Tennessee’s stance on Greg Schiano is getting murkier by the minute.
The Volunteers were set to announce Schiano as their next head football coach Sunday but reportedly backed out of their agreement at the last second, in apparent response to on-campus protests and backlash on social media over Schiano’s expected hire.
So, what really went down? Tennessee athletic director John Currie attempted to clarify his school deciding not to hire Schiano in a statement Monday.
Currie’s statement is puzzling on a few levels. Much of fans’ outcry over Schiano’s potential hire was related to his alleged failure to report Jerry Sandusky’s sexual abuse while he was an assistant at Penn State. Currie defended Schiano in that regard, insisting Tennessee “carefully interviewed and vetted” the current Ohio State defensive coordinator and “carefully reviewed” his alleged involvement in the Sandusky scandal, even contacting Ohio State about its inquiry of the case.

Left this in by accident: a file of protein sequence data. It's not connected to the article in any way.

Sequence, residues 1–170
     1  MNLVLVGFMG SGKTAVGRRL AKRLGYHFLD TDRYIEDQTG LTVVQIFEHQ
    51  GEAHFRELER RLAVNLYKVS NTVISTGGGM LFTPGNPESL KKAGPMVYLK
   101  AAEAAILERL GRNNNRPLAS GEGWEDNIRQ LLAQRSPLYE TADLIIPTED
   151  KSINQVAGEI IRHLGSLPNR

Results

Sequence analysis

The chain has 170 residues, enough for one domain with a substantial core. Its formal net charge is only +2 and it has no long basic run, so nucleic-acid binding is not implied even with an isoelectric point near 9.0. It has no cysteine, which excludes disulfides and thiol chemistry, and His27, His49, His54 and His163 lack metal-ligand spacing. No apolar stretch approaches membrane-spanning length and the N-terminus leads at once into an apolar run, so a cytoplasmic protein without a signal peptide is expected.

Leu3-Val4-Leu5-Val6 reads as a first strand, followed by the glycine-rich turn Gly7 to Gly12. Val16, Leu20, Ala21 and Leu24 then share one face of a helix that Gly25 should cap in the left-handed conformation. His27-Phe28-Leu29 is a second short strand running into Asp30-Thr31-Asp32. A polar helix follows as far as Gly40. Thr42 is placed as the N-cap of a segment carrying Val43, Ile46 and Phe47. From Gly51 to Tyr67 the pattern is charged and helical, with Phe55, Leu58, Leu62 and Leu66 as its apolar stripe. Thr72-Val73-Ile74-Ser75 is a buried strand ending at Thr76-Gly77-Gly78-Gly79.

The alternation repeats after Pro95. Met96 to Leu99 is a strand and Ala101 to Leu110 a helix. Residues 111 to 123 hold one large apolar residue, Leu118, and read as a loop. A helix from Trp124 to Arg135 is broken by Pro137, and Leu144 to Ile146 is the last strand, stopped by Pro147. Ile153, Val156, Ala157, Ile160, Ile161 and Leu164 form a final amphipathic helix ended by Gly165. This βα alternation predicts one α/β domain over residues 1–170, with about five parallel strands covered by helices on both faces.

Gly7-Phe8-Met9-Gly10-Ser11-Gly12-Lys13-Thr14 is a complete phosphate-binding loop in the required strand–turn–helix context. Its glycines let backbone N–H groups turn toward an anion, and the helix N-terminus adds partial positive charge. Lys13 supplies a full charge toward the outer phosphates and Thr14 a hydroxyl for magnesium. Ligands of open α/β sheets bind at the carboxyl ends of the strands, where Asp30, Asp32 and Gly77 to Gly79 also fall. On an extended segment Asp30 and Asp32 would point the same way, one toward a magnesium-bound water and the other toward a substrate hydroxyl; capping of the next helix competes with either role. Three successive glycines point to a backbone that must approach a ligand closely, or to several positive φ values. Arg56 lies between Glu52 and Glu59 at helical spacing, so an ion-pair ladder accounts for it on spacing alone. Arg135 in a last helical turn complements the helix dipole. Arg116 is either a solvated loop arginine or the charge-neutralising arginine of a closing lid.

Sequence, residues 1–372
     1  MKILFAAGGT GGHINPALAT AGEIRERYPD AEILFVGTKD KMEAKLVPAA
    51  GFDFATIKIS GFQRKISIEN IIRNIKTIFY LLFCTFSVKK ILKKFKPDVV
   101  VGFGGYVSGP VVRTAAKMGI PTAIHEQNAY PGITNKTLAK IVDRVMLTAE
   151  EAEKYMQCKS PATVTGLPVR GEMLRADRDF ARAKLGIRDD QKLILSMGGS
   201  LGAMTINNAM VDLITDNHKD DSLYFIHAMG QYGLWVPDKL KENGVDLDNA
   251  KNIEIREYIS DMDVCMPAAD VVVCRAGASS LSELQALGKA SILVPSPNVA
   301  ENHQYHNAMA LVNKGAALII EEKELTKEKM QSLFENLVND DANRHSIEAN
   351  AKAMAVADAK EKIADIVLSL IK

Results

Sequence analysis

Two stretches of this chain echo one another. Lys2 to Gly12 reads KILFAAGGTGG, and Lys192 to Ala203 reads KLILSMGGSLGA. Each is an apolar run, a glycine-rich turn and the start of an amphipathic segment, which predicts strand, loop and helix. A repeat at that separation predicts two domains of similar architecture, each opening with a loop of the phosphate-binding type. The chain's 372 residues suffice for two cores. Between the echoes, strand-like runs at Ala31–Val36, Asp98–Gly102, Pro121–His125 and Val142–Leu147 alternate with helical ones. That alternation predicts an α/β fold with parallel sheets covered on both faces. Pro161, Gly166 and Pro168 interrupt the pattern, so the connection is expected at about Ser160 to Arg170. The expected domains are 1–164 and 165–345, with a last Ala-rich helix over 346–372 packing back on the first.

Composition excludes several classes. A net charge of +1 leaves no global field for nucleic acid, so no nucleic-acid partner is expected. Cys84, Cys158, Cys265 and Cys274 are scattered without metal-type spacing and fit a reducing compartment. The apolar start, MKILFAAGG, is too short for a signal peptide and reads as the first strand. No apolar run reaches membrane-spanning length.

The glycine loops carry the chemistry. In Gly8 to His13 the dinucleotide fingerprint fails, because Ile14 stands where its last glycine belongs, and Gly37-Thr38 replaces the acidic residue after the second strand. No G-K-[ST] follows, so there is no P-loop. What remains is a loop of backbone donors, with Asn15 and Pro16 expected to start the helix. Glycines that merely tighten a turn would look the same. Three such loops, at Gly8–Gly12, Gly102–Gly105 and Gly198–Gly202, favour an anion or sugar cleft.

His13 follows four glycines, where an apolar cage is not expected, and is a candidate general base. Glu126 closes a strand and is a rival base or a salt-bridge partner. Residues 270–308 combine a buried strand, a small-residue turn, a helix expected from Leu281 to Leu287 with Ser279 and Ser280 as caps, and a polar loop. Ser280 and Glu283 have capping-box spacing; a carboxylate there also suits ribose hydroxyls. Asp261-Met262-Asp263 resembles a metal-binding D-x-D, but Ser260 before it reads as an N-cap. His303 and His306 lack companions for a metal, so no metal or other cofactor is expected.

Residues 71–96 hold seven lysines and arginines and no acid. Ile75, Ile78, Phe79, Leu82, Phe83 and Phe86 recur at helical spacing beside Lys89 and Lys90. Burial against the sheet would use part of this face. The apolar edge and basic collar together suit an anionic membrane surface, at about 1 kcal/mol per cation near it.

Currie also touted Schiano as an “outstanding leader” who “cares deeply about his student-athletes.” That begs the obvious question: Why didn’t Tennessee hire him?
Schiano doesn’t have a stellar track record as a coach — he went 68-67 over 11 seasons at Rutgers and 11-21 in two seasons with the Tampa Bay Buccaneers — so perhaps the Vols got cold feet on that front. But the fact that Tennessee had an agreement in place to sign him suggests the school was willing to look past that, and that its change of heart mainly was a reaction to protests over his role in the Sandusky scandal — which Currie essentially absolved Schiano of in Monday’s statement.
Currie’s words likely are an attempt to help Schiano save face amid an ugly 24 hours, but they certainly don’t make Tennessee look any better in this situation.
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